New Year’s Priceless Gifts (2): A Year of Dealing with Uncertainty

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The second important lesson the past two years have taught us (read lesson one in this article), is strongly linked to our brain’s work; it is the importance of building tolerance for uncertainty. First, let us know what is incorrect with our handling uncertainty, and why our brain tries by all means to avoid it.

The Brain processes and predicts

Neuroscientists indicate that our brain craves certainty and has hunger for information as a top priority to survive; besides, it tries to avoid uncertainty, as it generates a pain or threat response in the limbic system. Why does this happen?

Well, when you face a situation without information about it, your brain detects something is wrong and this affects your ability to focus on other issues. That is because the brain has a very strict rule in this case: gaining information is rewarding and the lack of it is threatening. It does not require information to only react to this current situation; predicting what happens next is also very important for it, and to reach this state, it needs to feel certain and avoid ambiguity.

For example, when you hear something, your brain tends to hear and predict what should come next; when this craving for certainty is met, you gain the sensation of reward. On the other hand, during situations you cannot predict the outcome of or what would happen next, an alert goes to the brain to pay more attention, and it works as if facing a threat.

Ambiguity, Information Acquisition, and Dopamine

A 2005 study recognized that just a little ambiguity on its own lights up the amygdala, which plays an important role in controlling emotion and behavior, and is best known for processing fear. The more ambiguity, the more threat response, and the less reward response there was in the ventral striatum, which has an important role in decision-making and reward-related behavior.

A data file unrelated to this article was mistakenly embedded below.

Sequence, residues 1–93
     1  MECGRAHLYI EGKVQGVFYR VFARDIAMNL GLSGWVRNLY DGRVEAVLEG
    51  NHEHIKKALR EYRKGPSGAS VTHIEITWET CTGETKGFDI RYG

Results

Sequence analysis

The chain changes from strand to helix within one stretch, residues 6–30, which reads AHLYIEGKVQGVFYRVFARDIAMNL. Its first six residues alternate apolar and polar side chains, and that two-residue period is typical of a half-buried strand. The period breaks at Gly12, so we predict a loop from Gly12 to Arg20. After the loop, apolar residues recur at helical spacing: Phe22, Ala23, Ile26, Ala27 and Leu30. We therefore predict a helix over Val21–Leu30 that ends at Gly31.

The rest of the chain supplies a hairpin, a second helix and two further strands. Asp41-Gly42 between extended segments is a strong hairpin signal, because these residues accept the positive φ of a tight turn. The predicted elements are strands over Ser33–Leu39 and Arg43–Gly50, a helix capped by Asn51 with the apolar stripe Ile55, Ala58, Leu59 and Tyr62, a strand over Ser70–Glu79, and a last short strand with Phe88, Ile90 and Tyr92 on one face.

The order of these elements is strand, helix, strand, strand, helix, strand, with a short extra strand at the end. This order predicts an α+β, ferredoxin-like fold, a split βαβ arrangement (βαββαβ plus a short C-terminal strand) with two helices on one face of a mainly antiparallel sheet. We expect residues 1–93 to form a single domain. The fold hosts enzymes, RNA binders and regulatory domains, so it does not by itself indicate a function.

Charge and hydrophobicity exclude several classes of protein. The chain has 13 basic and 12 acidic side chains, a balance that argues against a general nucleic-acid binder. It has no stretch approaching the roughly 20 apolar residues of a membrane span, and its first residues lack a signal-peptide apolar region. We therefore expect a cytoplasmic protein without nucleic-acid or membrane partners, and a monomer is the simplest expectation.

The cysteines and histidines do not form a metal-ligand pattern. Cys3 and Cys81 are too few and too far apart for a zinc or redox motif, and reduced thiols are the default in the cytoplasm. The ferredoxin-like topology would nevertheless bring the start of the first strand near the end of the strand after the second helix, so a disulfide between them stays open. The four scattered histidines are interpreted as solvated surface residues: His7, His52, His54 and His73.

Scientists also indicate that our brains seek information for the sake of it; even if it does not make us more effective or adaptive, it reduces the sense of uncertainty, and this is what the brain needs.

Another study conducted by researchers at the University of California, Berkeley (UC Berkeley) Haas School of Business, has found that information acquisition has the same dopamine-producing reward effect on the brain as money and food. It also indicates that, sometimes, we may seek information about something just to know, without the intention to respond. This is because, we humans are naturally curious beings; we seek to learn and explore new things even if they do not have such great benefit for us. A widespread example could be scrolling down social media without searching for something in particular, just gaining random information.

What about the uncertainty COVID-19 has imposed on us?

This period has cast ambiguity and an inevitable kind of uncertainty on almost all aspects of our lives. Even running after the circulating information to be assured about what is going on and predict what would happen has come to no avail. Suddenly everything has got out of our control, leaving us stressed, fearful, with no signal to direct us.

Even though every one of us responds differently to uncertainty; all of us have a limit to what we can endure. The first step that 2020 has taught us about dealing with uncertainty is to accept it, which would help us get through such foggy times and move forward with fewer bad consequences.

The Handling of Uncertainty Manifesto

This manifesto is divided into two parts. The first is about a method known as “stability rocks”; a process or practice that adds something reliable to your life when it feels like things are going out of control to restore balance. These stability rocks can be embodied in your routines and rituals, such as:

  1. Waking up at the same time every day.
  2. Eating regular meals.
  3. Going to bed at the same time.
  4. Exercising every morning.
  5. Reaching out to a friend.

After freeing some space and reserving energy for practical practice of dealing with uncertainty, here is the second part:

  1. Turn ruminating into problem-solving by acting over the things you can control. For example, instead of worrying about the spread of the virus, take precautions and care about hygiene and follow the instructions.
  2. Face up to your emotions and do not try to suppress them, because dealing this way would make you more vulnerable to depression and burnout.
  3. Try to identify your uncertainty triggers and you will find many of them are self-generated through excessive worrying.
  4. Focus on the present, on the very moment. Uncertainty can leave you hopeless in the face of your fears and worries about the future, and paralyze you from taking action to overcome a problem.
  5. Recognize your achievements, no matter how big or small they are. You just need to take time to reflect on and be proud of your accomplishments.
Now, is not this a good time to embrace the precious gifts, which the past few years have brought to us?

References
au.reachout.com
bbc.com
helpguide.org
medicalnewstoday.com
neurosciencenews.com
nhs.uk
psychologytoday.com

Credits: Banner Image/Freepik

*The article was published in SCIplanet, Winter and Spring 2021 issue.

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